When we make assumptions that turn out not to be true, we can suffer negative consequences. A typical sales example is, "The customer has the budget for what I am proposing" or "I am working with the decision maker." If, in the excitement of going after a sale, you haven't asked the right questions up front (such as assessing budget requirements or the decision process), you may waste a tremendous amount of time. It's better for you to know from the start what you are working with than to find out when you present your recommendation to the customer that your proposal is dead in the water because of existing circumstances that you weren't aware of.
We make assumptions all the time, often based on our experiences. History is replete with examples of outmoded assumptions: the world is flat, no one will break the four-minute mile. To achieve breakthroughs, identify and challenge your own assumptions. Write them down and test them. Don't leave them to chance.
At the very least, identifying and clarifying your assumptions with others will minimize the risk that you and the other person are making different assumptions.
Compare with others.
" Many of us were taught that the cancer cell was so messed up with so many biochemical abnormalities that it was impossible to correct them all and therefore really impossible to kill the cancer cell with medicines that hit specific targets in the cancer cell. The fact is that we know that's not true. We know that we can get very good responses and perhaps even cures with very specific targeted molecules. Imagine what we can do when we start combining them and hitting two or three targets at the same time."
—Dr. Larry Norton, Memorial Sloan-Kettering Cancer Center, commenting on the unexpected success of Gleevec, a new cancer treatment pioneered by Novartis
Here is an example of how having a plan B can make a difference. There was a machine that played a critical part in making the chip used in cell phones made by two cell phone manufacturers. The machine was severely damaged by an electrical surge during a lightning storm.
The team from the company with a plan B went into action, contacting alternative suppliers who were able to ramp up relatively quickly and begin replacing the production that was lost from the primary facility. While these alternative vendors did not supply as many of the chips as the primary facility did, they knew the specifications and the process and could start relatively quickly.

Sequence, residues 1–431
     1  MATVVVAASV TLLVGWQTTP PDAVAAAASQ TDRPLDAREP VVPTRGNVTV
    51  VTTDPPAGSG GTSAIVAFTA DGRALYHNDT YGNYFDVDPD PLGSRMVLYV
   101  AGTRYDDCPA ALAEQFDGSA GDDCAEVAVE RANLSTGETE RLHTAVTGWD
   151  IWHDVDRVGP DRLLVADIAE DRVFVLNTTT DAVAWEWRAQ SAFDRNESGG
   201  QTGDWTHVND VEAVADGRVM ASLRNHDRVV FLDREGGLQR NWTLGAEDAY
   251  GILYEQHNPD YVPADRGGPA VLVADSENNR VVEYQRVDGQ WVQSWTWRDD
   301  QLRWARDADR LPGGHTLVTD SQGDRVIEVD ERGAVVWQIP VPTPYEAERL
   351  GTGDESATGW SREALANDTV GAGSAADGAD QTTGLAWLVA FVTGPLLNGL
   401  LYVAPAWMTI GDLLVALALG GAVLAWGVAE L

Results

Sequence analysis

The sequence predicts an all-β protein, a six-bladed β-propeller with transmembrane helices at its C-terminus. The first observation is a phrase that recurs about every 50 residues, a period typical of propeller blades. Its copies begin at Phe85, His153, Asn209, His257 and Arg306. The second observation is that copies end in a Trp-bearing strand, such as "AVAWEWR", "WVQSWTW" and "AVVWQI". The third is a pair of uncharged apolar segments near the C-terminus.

The other company did not have alternative suppliers. They had to begin to look for them. This was a much more time-consuming process because it meant not only finding the suppliers, but evaluating their capabilities and then negotiating contracts and other arrangements. It was reported that this company lost hundreds of millions worth of sales as a result of this incident when they were not able to produce phones, all because of one critical machine being damaged. Who do you suppose was the primary beneficiary of these lost sales?
Now imagine if you were the salesperson who could have sold this account on having a backup.
Either-or thinking goes right along with wrong or untested assumptions in creating problems for sales professionals. When faced with a decision, how many times will someone think in terms of only two alternatives—"either this or that"—when there may be more possibilities? Don't get caught making that faulty assumption. Also, don't go to extremes without being aware that you are doing it. Going to an extreme eliminates options, and when we eliminate options before we can consider them we end up with suboptimal solutions. People typically go to extremes when they are emotional. (Witness the stock market.)